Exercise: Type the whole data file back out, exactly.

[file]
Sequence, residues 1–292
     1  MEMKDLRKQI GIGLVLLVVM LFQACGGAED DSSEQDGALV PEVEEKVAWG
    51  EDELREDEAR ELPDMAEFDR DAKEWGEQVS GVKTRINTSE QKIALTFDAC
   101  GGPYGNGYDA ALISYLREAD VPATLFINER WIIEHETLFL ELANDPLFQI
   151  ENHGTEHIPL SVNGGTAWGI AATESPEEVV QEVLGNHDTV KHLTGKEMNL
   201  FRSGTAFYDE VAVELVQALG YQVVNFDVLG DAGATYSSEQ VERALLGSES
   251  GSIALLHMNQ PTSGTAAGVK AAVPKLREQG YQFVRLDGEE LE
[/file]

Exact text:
Sequence, residues 1–292
     1  MEMKDLRKQI GIGLVLLVVM LFQACGGAED DSSEQDGALV PEVEEKVAWG
    51  EDELREDEAR ELPDMAEFDR DAKEWGEQVS GVKTRINTSE QKIALTFDAC
   101  GGPYGNGYDA ALISYLREAD VPATLFINER WIIEHETLFL ELANDPLFQI
   151  ENHGTEHIPL SVNGGTAWGI AATESPEEVV QEVLGNHDTV KHLTGKEMNL
   201  FRSGTAFYDE VAVELVQALG YQVVNFDVLG DAGATYSSEQ VERALLGSES
   251  GSIALLHMNQ PTSGTAAGVK AAVPKLREQG YQFVRLDGEE LE